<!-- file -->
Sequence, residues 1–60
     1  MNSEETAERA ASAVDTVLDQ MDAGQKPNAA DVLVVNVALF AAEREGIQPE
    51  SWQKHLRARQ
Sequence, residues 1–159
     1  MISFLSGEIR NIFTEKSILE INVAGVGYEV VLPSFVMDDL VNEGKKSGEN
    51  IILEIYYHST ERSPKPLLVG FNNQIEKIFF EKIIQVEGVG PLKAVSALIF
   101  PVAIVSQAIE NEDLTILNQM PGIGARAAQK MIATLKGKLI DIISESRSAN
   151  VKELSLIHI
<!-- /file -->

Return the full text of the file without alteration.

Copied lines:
Sequence, residues 1–60
     1  MNSEETAERA ASAVDTVLDQ MDAGQKPNAA DVLVVNVALF AAEREGIQPE
    51  SWQKHLRARQ
Sequence, residues 1–159
     1  MISFLSGEIR NIFTEKSILE INVAGVGYEV VLPSFVMDDL VNEGKKSGEN
    51  IILEIYYHST ERSPKPLLVG FNNQIEKIFF EKIIQVEGVG PLKAVSALIF
   101  PVAIVSQAIE NEDLTILNQM PGIGARAAQK MIATLKGKLI DIISESRSAN
   151  VKELSLIHI